This has always been about money. So let’s begin with that framework.

A lot more money than anyone is willing to lose to get out of the ACC.

“Something has to change,” FSU athletic director Michael Alford said Friday during a meeting of the university’s Board of Trustees.

That change comes 1 of 2 ways: An enterprising attorney (or attorneys) finds a way through what looks like an ironclad ACC media rights contract, or the rest of the ACC suddenly feels generous.

But what university president in their right mind would give more money to FSU and Clemson — the strength of the ACC media rights deal — when they have zero leverage?

Breaking free of the ACC also assumes FSU (or anyone else) has a conference that’s interested in offering an invite. So the change Alford speaks of then returns to money — lots of it.

He was asked by the board of trustees what it would cost FSU to buy its way out of the ACC. He said $120 million.

That doesn’t include the 12 years of media rights revenue FSU would have to give the ACC (until 2036) — because the ACC, by contract, owns the rights of every school in the league.

What does that mean, you ask? More money than anyone could imagine.

Let’s say FSU pays the exit fee of $120 million (and that’s not a given amount, either) to join the Big Ten in 2024. FSU would then be forced to give the $60 million it would earn in 2024 as a member of the Big Ten to the ACC — which holds its media rights.

In 2025, the new Big Ten deal increases significantly, and that means FSU would then earn $90-100 million per year through 2029 (the end of the Big Ten deal). That’s $450-500 million for those 5 years — all given to the ACC.

When the Big Ten then renegotiates another deal, whatever FSU would make over the next 6 years (likely much more) would also be given to the ACC.

It’s not hard to connect the dots and come up with a price tag of more than $1 billion to leave the ACC early. 

The grant of rights deals could be mitigated through legal agreement (a long process), and typically have been valued at no lower than 65 percent. Still, a ton of money.   

Want to know why Texas and Oklahoma didn’t leave for the SEC 2 years ago when they first announced plans? Their media rights were tied to the Big 12 until the end of the 2024 season.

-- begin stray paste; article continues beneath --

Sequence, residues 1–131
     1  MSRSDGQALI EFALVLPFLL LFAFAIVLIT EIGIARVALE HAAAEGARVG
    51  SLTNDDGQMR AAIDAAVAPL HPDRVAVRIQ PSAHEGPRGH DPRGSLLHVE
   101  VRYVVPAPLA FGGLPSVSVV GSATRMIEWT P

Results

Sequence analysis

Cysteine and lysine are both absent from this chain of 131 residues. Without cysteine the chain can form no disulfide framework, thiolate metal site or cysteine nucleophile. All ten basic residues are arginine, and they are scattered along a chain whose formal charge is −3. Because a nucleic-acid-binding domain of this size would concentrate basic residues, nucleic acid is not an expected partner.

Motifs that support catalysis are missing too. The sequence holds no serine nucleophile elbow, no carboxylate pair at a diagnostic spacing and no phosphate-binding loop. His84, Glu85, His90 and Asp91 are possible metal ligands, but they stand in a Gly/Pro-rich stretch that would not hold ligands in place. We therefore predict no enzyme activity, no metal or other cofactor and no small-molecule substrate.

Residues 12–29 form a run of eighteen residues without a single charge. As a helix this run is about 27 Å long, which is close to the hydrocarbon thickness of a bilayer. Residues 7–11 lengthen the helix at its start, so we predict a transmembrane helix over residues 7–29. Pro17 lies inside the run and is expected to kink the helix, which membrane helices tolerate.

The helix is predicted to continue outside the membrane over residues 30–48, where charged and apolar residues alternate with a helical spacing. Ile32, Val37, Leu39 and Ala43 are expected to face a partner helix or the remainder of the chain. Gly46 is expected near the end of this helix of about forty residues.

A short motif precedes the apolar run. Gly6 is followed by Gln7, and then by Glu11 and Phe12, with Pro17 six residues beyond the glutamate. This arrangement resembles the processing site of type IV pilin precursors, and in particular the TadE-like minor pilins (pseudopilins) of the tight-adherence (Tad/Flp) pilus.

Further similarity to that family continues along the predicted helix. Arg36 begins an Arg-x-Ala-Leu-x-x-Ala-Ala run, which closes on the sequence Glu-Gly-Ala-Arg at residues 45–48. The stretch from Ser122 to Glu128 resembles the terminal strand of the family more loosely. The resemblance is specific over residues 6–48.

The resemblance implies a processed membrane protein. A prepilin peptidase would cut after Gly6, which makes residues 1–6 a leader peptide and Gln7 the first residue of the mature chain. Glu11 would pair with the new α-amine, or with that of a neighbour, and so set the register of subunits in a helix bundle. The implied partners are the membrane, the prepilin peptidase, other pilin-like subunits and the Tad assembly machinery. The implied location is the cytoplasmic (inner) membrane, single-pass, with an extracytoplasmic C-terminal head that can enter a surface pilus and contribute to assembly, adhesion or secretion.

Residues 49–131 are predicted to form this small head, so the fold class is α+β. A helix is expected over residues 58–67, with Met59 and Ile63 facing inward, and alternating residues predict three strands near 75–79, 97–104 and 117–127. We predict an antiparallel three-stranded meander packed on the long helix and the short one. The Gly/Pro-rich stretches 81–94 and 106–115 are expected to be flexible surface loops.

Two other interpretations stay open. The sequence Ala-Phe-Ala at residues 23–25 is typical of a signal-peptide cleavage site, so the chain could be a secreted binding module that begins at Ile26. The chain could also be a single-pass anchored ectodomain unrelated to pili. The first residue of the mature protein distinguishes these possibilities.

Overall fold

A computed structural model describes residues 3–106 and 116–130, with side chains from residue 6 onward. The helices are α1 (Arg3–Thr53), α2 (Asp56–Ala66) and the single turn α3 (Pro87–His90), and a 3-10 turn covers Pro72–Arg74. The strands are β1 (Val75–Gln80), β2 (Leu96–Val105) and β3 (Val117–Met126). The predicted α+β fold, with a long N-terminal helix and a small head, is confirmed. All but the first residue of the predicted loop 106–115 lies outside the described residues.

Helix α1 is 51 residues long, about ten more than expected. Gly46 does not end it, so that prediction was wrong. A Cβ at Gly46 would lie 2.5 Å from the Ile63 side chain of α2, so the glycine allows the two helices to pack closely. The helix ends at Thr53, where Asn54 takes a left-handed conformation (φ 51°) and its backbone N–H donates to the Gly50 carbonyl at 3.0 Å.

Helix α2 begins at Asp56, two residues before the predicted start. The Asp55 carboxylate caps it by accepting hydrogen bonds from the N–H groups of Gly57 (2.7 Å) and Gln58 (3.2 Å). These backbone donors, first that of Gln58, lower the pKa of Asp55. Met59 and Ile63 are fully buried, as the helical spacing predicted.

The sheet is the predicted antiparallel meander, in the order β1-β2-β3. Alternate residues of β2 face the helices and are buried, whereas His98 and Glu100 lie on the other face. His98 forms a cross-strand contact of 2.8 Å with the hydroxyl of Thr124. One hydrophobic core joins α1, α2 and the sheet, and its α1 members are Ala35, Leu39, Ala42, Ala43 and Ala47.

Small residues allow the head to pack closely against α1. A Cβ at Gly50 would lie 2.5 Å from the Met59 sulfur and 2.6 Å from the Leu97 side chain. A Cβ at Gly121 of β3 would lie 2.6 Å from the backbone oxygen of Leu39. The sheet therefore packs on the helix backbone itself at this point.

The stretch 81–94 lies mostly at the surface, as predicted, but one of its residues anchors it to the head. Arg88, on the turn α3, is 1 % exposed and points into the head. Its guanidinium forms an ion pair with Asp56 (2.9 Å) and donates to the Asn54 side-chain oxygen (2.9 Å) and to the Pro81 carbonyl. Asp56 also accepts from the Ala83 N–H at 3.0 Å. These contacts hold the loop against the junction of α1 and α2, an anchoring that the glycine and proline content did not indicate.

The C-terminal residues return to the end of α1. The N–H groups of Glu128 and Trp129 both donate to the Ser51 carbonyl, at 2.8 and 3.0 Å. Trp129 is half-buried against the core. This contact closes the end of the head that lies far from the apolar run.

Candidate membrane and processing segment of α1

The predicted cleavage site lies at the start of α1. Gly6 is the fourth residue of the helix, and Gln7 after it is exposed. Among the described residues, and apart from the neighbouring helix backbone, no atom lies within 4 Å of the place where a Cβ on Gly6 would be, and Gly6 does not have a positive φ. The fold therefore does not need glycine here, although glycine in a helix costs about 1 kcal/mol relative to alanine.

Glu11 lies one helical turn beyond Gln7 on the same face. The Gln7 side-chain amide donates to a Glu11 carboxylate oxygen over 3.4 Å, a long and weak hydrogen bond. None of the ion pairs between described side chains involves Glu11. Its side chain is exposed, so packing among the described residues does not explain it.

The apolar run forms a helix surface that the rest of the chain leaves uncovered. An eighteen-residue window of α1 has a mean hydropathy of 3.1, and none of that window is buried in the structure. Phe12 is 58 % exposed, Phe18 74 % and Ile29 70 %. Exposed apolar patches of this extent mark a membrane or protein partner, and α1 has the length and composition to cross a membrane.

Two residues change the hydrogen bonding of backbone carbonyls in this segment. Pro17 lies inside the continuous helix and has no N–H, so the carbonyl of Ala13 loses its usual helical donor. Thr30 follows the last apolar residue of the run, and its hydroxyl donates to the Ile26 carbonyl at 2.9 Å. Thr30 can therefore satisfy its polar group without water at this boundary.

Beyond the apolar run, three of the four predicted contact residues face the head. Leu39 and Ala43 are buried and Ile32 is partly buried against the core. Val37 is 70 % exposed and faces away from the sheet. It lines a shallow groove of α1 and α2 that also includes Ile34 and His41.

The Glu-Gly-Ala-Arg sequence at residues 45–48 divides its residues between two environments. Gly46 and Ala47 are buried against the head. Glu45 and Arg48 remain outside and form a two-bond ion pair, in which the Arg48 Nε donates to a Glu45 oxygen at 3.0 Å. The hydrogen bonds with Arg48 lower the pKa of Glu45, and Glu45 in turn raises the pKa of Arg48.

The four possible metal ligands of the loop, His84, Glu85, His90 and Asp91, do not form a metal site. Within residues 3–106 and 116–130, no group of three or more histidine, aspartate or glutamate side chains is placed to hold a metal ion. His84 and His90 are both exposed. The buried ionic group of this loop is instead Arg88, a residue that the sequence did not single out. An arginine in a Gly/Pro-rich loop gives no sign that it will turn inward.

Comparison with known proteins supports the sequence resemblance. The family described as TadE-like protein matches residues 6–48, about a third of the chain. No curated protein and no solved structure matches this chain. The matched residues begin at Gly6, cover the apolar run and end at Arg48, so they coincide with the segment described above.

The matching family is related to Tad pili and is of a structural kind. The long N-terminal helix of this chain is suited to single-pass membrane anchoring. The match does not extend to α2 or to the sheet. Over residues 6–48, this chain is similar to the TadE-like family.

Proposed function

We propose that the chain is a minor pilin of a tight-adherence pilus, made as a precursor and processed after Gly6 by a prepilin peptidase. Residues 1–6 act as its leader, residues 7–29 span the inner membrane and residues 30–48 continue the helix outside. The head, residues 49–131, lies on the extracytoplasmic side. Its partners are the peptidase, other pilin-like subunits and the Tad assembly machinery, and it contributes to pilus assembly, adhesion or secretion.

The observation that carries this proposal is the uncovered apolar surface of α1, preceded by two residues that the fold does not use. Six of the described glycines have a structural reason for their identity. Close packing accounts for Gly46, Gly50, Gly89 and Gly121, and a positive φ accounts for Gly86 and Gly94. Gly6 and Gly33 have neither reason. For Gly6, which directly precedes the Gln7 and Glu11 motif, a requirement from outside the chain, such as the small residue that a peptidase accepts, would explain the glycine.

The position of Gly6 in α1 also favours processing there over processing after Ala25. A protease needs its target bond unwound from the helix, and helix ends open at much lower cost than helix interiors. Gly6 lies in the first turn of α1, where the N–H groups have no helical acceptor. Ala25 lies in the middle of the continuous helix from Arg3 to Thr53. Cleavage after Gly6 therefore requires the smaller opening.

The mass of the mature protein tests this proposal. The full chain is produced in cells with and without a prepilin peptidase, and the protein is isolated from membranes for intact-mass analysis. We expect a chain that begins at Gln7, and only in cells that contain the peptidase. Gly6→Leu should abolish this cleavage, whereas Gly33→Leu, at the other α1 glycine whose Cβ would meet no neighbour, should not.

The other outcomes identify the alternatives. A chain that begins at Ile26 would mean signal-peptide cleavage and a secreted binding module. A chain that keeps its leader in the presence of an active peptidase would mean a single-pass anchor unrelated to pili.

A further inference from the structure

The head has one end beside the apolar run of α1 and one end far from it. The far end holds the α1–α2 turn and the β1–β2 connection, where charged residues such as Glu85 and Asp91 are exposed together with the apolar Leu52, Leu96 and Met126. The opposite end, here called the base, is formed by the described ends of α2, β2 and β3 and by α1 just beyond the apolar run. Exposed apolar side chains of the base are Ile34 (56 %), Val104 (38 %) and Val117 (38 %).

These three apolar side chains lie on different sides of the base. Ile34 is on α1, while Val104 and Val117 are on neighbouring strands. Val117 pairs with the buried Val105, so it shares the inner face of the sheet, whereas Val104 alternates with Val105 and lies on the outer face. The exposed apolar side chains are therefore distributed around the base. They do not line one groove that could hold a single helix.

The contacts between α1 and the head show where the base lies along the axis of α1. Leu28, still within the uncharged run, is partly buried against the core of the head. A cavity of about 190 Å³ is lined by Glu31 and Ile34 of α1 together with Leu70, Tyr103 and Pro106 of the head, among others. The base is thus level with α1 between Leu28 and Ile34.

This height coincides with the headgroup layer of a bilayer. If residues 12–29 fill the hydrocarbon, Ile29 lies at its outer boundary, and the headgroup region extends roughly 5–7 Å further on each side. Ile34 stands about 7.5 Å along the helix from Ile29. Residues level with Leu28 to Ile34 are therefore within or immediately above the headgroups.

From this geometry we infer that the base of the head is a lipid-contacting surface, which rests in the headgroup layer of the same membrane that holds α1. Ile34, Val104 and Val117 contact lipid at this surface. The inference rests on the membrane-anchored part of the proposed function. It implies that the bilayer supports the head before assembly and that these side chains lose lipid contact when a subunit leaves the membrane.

Ira Schoffel of Warchant last weekend asked Peter Collins, chair of the FSU Board, about the grant of rights, and Collins said, “We have a very good handle on the grant of rights.”

Which is to say, they have no “handle” on it.

If grant of rights deals were vulnerable in court, Texas and Oklahoma would’ve already paved the way for FSU or anyone else in the ACC. They not vulnerable, period.

FSU is simply posturing because it has no alternative, floating the idea of legal action that isn’t reality. Can you blame them?

According to Alford, FSU and Clemson account for a quarter (24 percent) of the television revenue for the ACC, but share the revenue equally with the remaining 12 schools.

By 2025, FSU will earn an estimated low $40s million from the ACC media rights deal. Its state rival Florida will earn an estimated $90-100 million from the SEC deal.

The ACC schools have no one to blame but themselves for their current untenable situation. When the ACC restructured its deal with ESPN in 2016, the agreement birthed the ACC Network and locked the conference into an ESPN-friendly deal.

The ACC was so desperate to keep pace with the SEC (see: SEC Network), it signed a deal that established incremental  growth for the next 20 years. The ACC wanted stability and its own network, and the schools were willing to do anything for it — including granting their media rights to the ACC through the length of the contract.

Those rights, of course, legally locked in the 14 teams for 20 years.

So now we circle back to the FSU Board of Trustees meeting last Friday, where Alford — a marketing whiz at Alabama and Oklahoma (and the AD at Central Michigan) prior to coming to FSU — laid out the future of FSU sports to the most important power brokers at the university.

FSU will earn $40-ish million annually, and will constantly chase the 32 schools in the Big Ten and SEC, that will earn nearly double that. So he took a stand during a public board of trustees meeting and called out the ACC for its undervalued media rights deal.

Then made veiled threats to leave the conference. Then answered questions about the cost of leaving the conference.

Missing from that public board meeting, not surprisingly, was any discussion of the grant in media rights until 2036. If FSU can’t find a way out of the contract, it better come up with cash.

More than anyone is willing to lose.